Archive for the ‘Discussion Post’ Category

Announcement! The Great Move!

Posted: January 6, 2012 in Discussion Post

Hi everyone!  I’m your new blog master.  On January 1 the original Keeper had to step down due to personal reasons.  I wanted address a slight issue I had when I took over….I’m a VERY eclectic reader and I was handed a VERY paranormal book blog in addition to a “jack of all trades” book blog.  In the next couple of months I have some VERY BIG life changes happening (I can hardly wait for my niece to arrive! She isn’t even here yet and she’s spoiled!) and after thinking on the situation for 6 days I have come to the realization that something has to give.  I just don’t have the time to effectively maintain 2 book blogs.

Which brings me to my announcement….

Over the next couple of weeks I will be transitioning posts that were originally posted here to be posted over on The Book Junkie’s BookshelfStarting effective February 1, with the exception of Reading Challenge link up’s I will be blogging exclusively at The Book Junkie’s Bookshelf.  I hope to see some of you there.  I have basically the same ways to follow the blog available but the Feedburner option is more readily available on that blog.  I will be keeping the twitter account as well (@paracryptkeeper).  Basically, all that is changing is the blogger and actual blogging location.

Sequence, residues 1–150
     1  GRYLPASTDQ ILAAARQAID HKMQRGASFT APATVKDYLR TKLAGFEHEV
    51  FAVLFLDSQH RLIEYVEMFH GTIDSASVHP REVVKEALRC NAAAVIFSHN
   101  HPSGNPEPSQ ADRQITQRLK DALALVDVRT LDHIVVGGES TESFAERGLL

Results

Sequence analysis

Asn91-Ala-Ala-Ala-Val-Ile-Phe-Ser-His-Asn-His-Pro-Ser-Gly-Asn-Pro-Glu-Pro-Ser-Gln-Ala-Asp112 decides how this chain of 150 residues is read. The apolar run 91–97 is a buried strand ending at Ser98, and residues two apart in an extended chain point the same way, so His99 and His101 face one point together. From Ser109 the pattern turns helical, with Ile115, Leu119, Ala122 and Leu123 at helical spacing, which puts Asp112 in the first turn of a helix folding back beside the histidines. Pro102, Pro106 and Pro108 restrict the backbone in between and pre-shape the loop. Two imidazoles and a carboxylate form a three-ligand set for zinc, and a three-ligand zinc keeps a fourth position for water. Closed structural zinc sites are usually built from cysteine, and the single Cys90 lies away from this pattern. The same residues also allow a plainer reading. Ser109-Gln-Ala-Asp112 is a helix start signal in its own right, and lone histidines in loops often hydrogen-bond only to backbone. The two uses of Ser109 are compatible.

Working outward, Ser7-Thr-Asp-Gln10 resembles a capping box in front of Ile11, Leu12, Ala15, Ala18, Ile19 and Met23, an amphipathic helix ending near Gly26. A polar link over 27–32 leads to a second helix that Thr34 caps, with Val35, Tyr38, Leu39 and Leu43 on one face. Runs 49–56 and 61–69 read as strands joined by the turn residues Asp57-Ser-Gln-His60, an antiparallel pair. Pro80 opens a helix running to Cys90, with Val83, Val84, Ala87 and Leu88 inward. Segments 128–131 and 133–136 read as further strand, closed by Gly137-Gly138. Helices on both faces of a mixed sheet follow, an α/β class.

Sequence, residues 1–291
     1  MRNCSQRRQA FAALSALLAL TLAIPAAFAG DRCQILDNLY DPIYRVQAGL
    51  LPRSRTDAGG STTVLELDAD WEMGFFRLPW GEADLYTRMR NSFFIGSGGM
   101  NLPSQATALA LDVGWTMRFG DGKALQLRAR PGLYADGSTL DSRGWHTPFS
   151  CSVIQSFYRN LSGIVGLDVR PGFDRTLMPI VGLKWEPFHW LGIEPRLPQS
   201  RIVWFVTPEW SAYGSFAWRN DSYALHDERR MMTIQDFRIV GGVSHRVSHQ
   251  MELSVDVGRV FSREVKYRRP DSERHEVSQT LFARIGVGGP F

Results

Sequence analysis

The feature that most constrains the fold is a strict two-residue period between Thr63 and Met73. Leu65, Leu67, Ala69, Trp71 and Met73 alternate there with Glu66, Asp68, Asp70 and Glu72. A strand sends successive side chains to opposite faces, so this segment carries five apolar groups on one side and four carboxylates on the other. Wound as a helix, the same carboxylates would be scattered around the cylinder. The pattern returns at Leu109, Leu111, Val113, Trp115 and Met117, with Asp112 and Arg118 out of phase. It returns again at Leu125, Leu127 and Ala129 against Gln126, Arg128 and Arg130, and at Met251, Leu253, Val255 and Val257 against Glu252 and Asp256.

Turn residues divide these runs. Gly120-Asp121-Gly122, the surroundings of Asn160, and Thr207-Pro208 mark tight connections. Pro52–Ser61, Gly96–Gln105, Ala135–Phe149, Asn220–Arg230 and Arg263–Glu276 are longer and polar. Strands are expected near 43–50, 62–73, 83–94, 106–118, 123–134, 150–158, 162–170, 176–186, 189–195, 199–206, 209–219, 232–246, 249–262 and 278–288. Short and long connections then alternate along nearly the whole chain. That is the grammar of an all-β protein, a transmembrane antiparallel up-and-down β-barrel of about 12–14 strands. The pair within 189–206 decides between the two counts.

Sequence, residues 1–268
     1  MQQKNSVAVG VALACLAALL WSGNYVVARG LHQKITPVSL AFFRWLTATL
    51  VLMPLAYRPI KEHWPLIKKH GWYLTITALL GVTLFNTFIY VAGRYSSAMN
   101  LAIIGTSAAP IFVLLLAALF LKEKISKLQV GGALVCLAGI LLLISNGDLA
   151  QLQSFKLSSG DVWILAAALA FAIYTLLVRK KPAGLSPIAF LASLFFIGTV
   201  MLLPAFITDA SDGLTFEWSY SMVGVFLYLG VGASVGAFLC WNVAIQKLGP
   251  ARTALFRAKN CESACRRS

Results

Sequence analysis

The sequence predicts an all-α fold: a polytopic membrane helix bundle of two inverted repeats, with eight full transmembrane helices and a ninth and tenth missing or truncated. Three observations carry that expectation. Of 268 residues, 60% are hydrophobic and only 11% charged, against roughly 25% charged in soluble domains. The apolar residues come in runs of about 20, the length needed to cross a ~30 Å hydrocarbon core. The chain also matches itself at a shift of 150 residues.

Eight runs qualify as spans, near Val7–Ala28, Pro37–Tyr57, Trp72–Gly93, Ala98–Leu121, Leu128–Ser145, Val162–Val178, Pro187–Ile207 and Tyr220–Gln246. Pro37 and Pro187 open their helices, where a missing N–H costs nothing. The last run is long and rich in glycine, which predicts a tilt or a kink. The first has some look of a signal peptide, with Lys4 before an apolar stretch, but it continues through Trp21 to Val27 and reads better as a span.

I found the 2011 Book Blogger Recommendations list on Reading with Tequila.  It’s 266 books long!  How many of the books on this list you have you read/want to read/own but haven’t read yet?

Bold – read (Total of 28)
Italics – Want to read (Total of 23)
Strike – Own but haven’t read YET (Total of 35)

  1. The Hunger Games by Suzanne Collins 
  2. Divergent by Veroncia Roth 
  3. Pride and Prejudice by Jane Austen 
  4. Anna and the French Kiss by Stephanie Perkins 
  5. City of Bones by Cassandra Clare 
  6. Graceling by Kristin Cashore 
  7. Clockwork Angel by Cassandra Clare 
  8. The Stand by Stephen King 
  9. Delirium by Lauren Oliver 
  10. Harry Potter and the Deathly Hallows by J.K. Rowling